We celebrate the privilege of having had a kind man in our lives who we called husband, father, grandfather, great-grandfather, and friend. MoRell Stewart Snow “graduated” from earth life on Jan. 4, 2022.
For a lifetime he has anticipated meeting his father, MoRell Snow, who was killed in an automobile accident six months prior to his birth, and also an older sister who died of pneumonia at the age of one.
He was born on a snowy evening Nov. 19, 1935, at the home of his grandparents in Manti, Utah. His mother, Iris Madsen Snow, raised her precious child, who she called “Sonny.”
His heart has always felt akin with nature and the outdoors. As a youth he roamed the nearby hills with friends, building huts, fishing, swimming, etc., and would rejoice in being young and free until his mother’s voice resounded throughout the neighborhood, “Su-NEE,” (Sonny), and then he knew it was time to go home.
He attended Manti High School, where he was a handsome young man extraordinaire. As a teammate on the varsity basketball team, he took special notice of one of the cheerleaders, Sherrol Christiansen of Mayfield, who became his heartthrob. He eventually won her heart, and she cheered him on forevermore. They are known as a team in all walks of life and have created a union of “hearts knit together in unity and love.”
His passions included building a family home and surrounding it with verdant lawn, flowers, trees, and a prolific garden. His creative inclinations found an outlet as he trimmed the shrubbery to become beautiful ornamental bushes. He built secondary buildings at their home, learned to lay rock, and made beautiful fireplaces, chimneys, etc. at their own home and for others also. He also loved the soil of his farm west of town and the crops which were grown there, as well as the view of the range or the east mountains.
While yet in his 20s, he was employed as manager of Nelson Ricks Cheese Factory in Manti. He would greet the host of farmers each morning as they came to deliver their milk, which he was responsible to make into large vats of high quality cheese daily.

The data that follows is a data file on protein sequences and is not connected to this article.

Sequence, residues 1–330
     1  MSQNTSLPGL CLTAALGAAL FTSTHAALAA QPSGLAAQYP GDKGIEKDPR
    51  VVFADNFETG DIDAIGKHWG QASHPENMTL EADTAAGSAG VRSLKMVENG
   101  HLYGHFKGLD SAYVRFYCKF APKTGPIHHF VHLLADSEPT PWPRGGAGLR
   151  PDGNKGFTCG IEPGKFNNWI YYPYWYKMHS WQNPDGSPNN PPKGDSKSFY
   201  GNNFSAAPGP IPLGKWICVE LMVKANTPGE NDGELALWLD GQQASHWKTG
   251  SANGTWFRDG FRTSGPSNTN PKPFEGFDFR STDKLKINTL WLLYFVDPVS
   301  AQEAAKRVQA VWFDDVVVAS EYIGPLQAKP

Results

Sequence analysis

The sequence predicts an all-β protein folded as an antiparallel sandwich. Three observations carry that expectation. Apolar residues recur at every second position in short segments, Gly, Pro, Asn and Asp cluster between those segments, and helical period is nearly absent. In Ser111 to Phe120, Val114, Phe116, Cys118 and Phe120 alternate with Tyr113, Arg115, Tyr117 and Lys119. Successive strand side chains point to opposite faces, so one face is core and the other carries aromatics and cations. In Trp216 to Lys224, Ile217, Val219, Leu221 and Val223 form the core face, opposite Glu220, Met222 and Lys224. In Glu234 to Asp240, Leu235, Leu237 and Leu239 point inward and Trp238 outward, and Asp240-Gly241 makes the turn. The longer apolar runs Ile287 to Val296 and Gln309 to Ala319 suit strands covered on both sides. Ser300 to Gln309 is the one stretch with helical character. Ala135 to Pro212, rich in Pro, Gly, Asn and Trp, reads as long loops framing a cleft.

He later was employed in the post office at Manti for 26 years. Perhaps his greatest gift unfolded at this time when he greeted and served the patrons there. He became known for not only dispensing postage and services, but customers came in regularly for a tonic of optimism and laughter. He learned that a smile has the same meaning in every language. He could strike up a conversation with anyone, and they would always leave with a smile on their face. He was an ordinary guy with an extraordinary ability to discern others’ needs and deal with them kindly with his unassuming attitude and clever wit. MoRell was a “man of all seasons” and a friend to all persons. He was fondly nicknamed Mo.
His greatest dedication and blessings came from being a father to six children: Holley Buchanan, Debra Wilson (Charles), Susan Giles (Steven), Randy Snow (Jena), Joseph Snow (deceased), and Morshelle Elton (deceased). Eleven grandchildren and 11 great-grandchildren have added spice, hope, and joy to life.
He shared many choice experiences with his children as they trained and rode their horses together — in the mountains, at the fairground, and in competitive events. Family campouts in the mountains generated adventure and fond memories. He was a master storyteller, and he had an original ongoing episode of “Big Eagle” which the children anxiously awaited to hear the next incident of this imagined brave man.
When the grandchildren came to see Grandpa for special events, he would have them stand tall by a closet door frame, and mark their height and the date of the measurement. This served as an eager pursuit by the children to observe how much they had grown since the last time they were measured.
His life encompassed service in many spheres, and his love for the Lord was evident in his daily living. He had the blessing of serving in a host of capacities including ward and stake executive secretary, stake Young Men’s presidency, stake High Council, High Priest group leader, etc. His heart was captured, however, by the students at Snow College, where he served as bishop for six years.
He was a personable, easily approached, caring man, and whenever the light was on in his office, many of the ward members would stop by just to chat a few minutes with the “Bish,” get a piece of candy, and hear words of reassurance and encouragement. He was known as a tenderhearted man, and he counseled with, joked with, as well as wept with the youth he served there.
He was an organizer and a doer. The stake president commented, “You can give Bishop Snow a lemon, and he will always make lemonade from it!” This proved to be helpful also as he and his wife served a mission in the Ohio Columbus Mission.
As life progressed, he was given opportunities to serve in the Manti Temple with his sweetheart, his wife. Together they entered that sacred edifice to serve as ordinance workers for 15 years and later as regular, grateful patrons for the rest of his life.
When he passed away, he left to his family no fortune of finance but rather a heritage of wealth in example, in sacrifice, in obedience. It could be said of him, “Well done, thou good and faithful servant, enter thou into the joy of the Lord.”
He was preceded in death by his father, MoRell Snow; mother, Iris Madsen Snow; sister, Marjorie Lois Snow; son, Joseph William Snow; daughter, Morshelle Snow Elton; son-in-law, Stanley Elton; and grandson, Tyson MoRell Miller.
Funeral services will be held on Saturday, Jan. 8, 2022 at 11 a.m. in the Manti 8th Ward Chapel (Red Church), 300 South Main, Manti. Viewing will be held prior to services from 9-10:30 a.m.
Interment will be in the Manti City Cemetery. Funeral Directors: Magleby Mortuary, Richfield, Salina and Manti. Online guestbook at www.maglebymortuary.com.